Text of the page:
UN rights chief Navi Pillay told veteran Zimbabwe President Robert Mugabe in talks Wednesday to ensure fair and violence-free elections when the country finally votes to pick a new leader.
Pillay is in Zimbabwe for a five-day visit at the invitation of Mugabe's government.
"I also urged him to ensure that the future elections will be free and fair, and free from violence," Pillay said after the 90-minute meeting with Mugabe at State House, in the capital Harare.
Deadly violence engulfed the last presidential election four years ago.
In a speech marking the country's 32nd independence anniversary last month Mugabe urged Zimbabweans to shun violence ahead of polls whose date is not year set, but which he insists be held this year.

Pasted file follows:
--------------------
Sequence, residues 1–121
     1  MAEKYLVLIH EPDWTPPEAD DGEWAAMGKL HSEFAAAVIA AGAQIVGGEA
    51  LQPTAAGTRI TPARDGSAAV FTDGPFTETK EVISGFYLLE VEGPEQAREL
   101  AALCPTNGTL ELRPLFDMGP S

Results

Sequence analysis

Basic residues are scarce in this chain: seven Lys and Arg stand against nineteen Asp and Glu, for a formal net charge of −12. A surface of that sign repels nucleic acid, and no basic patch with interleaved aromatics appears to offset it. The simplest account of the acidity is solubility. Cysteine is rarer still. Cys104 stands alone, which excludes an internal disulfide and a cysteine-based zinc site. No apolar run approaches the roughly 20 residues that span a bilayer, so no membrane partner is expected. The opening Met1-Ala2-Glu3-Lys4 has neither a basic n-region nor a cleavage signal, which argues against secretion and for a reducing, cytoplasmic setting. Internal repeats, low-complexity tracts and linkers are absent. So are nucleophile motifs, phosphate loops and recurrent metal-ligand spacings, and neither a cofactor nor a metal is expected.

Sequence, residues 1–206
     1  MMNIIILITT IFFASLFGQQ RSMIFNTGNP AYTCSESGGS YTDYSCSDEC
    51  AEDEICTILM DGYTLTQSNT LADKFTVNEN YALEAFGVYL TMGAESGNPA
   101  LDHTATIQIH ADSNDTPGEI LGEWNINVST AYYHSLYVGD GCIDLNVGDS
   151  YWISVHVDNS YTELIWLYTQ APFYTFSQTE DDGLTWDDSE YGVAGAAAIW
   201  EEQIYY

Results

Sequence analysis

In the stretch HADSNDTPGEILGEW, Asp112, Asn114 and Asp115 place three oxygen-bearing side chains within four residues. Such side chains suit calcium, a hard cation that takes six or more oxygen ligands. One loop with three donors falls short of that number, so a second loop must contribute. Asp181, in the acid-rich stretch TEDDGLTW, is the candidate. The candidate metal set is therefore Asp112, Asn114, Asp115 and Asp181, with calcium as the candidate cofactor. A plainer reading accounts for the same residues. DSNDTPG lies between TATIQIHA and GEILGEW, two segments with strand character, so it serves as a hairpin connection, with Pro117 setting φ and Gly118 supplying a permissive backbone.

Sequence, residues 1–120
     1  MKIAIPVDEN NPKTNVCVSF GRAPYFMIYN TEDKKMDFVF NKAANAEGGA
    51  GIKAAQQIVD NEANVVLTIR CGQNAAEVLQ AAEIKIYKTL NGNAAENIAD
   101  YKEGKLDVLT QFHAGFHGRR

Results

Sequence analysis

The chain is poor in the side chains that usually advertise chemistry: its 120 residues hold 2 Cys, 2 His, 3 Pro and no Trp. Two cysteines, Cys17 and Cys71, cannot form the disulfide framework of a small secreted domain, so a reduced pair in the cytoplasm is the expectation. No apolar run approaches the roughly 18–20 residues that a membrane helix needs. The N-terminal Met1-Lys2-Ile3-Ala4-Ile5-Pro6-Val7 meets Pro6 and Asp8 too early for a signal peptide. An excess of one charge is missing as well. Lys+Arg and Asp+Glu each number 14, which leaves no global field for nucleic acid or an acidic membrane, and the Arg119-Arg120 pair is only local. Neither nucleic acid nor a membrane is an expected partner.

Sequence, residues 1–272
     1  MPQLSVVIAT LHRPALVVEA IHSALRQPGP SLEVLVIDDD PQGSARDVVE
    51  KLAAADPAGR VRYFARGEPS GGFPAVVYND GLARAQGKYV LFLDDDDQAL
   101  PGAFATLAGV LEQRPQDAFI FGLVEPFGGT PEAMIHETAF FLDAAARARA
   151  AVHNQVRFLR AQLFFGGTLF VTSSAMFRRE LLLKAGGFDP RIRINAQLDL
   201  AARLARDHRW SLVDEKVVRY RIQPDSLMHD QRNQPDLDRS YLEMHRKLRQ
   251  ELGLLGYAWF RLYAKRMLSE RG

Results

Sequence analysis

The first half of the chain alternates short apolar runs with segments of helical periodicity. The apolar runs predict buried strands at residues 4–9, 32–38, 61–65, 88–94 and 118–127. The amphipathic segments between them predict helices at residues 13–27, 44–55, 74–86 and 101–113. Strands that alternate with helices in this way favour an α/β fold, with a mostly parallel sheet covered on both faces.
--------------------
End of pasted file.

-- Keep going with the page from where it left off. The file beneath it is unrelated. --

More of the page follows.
"I commended the president for making a call that there should be no violence in the future elections and urged him to continue to make such calls," Pillay said Wednesday.
Mugabe did not speak to reporters after the talks.
But Pillay said their meeting was "very important", adding that the 88-year-old leader had recounted "the past history of Zimbabwe and attributed some of the current problems to the past."
Pillay also met earlier in the week with Prime Minister Morgan Tsvangirai, who joined the long-ruling Mugabe in a unity government formed in 2009 to halt the election-linked bloodshed that killed more than 200 of the premier's supporters.
Mugabe, 88, has ruled Zimbabwe since independence from Britain in 1980.
The unity government is meant to clear the way to new elections, but preparations are lagging years behind and no date has been set.